It is appreciated that for certain applications, a background object 108 may be purposefully concealed. The background object 108, such as a security camera, is configured so as not to emit and/or reflect visible light towards the see-through screen 102. In addition, the ambient light sources in the front region 180 and back region 190 are arranged so as to provide minimum illumination upon the security camera. As such, the security camera will hardly be visible to an observer in the front region 190 even though it is located in the see-through angular range.

The nature of the louver screen 124 is further shown in FIGS. 5 through 12. FIG. 5 conceptually illustrates an enlarged partial perspective view of louver screen 124. In the embodiment shown, louver screen 124 consists of a transparent layer 120 of material having a first side 500 and opposite thereto a second side 502, and a thickness 504 therebetween.

A plurality of louver members 122 are disposed within the transparent layer 120, specifically, exemplary louver members 122A-122F. Each louver member 122 has a first end 506 and a second end 508. As shown, the first end 506 of each louver member is adjacent to the first side 500. The second end 508 of each louver member is proximate to the second side 502. Moreover, each louver member 122 has a component 512 normal to first side 500, the component 512 being a fraction of thickness 504. In addition, each louver member 122 has a component 514 parallel to the first side 500, the component 514 being a fraction of the center-to-center spacing 516 between adjacent louver members 122, more fully described below with respect to FIGS. 5˜7.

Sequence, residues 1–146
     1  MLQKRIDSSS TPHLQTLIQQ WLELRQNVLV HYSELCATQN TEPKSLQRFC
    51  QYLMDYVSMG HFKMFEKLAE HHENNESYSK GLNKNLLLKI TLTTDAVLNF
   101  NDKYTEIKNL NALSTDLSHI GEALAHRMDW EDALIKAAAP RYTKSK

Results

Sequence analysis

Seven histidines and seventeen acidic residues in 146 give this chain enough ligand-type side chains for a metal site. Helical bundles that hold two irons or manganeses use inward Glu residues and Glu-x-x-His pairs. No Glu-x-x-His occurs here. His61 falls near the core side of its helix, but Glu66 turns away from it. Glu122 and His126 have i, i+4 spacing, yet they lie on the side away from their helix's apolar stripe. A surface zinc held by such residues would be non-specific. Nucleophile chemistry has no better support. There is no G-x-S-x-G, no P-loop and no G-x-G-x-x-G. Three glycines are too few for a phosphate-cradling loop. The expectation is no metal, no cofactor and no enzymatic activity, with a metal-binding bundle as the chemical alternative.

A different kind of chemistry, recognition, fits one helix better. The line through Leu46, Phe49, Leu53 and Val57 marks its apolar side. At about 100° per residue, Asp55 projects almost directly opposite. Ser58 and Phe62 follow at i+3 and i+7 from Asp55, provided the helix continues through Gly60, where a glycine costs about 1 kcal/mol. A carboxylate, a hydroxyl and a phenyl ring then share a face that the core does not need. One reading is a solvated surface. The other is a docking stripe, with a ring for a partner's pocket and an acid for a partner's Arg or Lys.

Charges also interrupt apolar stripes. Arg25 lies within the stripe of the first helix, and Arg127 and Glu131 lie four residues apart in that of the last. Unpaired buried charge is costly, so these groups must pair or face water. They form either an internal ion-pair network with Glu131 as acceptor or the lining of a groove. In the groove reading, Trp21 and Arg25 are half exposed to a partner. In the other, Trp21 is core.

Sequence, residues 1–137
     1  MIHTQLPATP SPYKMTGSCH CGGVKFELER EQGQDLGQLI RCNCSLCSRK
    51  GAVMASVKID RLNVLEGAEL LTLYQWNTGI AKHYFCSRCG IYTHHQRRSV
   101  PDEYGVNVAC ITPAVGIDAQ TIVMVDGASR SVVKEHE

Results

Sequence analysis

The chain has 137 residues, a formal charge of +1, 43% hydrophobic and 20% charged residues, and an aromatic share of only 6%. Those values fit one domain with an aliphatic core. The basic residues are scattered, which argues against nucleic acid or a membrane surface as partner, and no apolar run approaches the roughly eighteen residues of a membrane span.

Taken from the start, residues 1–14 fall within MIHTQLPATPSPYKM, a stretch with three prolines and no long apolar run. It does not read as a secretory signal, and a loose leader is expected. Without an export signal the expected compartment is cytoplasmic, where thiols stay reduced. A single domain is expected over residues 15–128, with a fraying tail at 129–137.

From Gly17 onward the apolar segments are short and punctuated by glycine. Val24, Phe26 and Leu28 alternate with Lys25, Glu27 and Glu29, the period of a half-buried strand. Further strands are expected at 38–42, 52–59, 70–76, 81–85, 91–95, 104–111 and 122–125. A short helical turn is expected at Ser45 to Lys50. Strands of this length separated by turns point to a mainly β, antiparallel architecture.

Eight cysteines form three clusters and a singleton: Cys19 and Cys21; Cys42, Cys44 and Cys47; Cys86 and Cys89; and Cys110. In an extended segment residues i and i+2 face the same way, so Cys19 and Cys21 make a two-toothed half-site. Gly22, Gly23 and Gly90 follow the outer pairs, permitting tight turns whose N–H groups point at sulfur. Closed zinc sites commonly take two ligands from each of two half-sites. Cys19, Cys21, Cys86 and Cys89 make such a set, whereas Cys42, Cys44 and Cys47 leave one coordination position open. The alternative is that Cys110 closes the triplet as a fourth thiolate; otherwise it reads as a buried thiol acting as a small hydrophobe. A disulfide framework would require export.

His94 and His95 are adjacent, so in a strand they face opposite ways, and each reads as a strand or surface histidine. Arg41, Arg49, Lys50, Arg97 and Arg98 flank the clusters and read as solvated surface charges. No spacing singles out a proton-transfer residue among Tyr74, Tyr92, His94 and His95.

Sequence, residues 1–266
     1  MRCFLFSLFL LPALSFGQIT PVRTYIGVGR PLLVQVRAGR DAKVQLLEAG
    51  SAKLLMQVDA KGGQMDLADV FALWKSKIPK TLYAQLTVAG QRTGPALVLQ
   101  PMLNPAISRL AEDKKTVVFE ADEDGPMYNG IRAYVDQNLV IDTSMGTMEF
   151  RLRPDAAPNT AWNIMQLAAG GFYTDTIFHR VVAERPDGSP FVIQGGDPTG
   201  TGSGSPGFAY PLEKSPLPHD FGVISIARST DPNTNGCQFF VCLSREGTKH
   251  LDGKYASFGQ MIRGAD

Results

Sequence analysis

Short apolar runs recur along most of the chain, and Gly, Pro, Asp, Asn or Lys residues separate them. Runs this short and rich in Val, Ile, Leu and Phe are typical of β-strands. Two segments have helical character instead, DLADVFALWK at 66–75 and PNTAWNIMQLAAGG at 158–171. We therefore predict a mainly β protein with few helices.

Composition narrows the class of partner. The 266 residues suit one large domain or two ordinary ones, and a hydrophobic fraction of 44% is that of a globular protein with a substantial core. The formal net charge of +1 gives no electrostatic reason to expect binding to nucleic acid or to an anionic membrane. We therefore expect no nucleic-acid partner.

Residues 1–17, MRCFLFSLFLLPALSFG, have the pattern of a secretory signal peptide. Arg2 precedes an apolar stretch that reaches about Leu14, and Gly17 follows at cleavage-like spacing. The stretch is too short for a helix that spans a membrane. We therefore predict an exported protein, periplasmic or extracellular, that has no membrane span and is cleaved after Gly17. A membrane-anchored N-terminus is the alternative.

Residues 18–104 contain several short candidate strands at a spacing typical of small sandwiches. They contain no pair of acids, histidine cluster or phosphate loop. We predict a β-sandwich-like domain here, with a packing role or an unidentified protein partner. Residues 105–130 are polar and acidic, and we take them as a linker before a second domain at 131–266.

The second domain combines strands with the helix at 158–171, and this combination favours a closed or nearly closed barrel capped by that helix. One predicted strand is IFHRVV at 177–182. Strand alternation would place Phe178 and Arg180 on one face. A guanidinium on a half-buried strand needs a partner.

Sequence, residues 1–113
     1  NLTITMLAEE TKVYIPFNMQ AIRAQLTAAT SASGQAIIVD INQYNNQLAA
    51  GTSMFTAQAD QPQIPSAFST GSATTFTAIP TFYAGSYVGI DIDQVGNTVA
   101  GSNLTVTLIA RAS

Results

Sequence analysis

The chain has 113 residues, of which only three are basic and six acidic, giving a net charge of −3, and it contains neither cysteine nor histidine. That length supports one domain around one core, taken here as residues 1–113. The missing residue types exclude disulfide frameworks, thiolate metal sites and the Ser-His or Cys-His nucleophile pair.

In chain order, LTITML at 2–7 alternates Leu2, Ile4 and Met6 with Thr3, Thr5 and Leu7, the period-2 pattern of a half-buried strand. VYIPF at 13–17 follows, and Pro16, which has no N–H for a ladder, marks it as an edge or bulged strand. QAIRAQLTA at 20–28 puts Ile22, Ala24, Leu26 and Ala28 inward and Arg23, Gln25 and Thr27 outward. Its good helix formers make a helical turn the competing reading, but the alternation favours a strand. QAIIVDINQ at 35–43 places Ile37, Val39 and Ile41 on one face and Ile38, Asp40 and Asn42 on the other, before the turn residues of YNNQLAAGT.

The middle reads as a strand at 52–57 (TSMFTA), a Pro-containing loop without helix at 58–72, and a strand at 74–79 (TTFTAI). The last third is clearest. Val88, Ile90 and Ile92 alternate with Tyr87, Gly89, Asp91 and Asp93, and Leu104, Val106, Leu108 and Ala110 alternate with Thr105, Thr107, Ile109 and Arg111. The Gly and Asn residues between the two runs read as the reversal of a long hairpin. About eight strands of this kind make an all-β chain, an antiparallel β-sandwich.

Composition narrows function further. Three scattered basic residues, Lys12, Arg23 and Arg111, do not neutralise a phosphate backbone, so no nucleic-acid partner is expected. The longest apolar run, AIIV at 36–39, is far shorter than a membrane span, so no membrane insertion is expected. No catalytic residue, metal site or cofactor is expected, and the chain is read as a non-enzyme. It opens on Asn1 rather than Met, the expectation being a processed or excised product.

In at least one embodiment as shown, second end 508 defines a space 510 between the second end 508 and the second side 502. In at least one embodiment, this space 510 serves as added support and/or protection for louver members 122. In an alternative embodiment, the second end 508 may be substantially adjacent to second side 502 such that space 510 does not exist as an integral component of transparent layer 120. In such embodiments, protection and/or support may be provided by an additional transparent layer joined to transparent layer 120 in the illustrated location of space 510.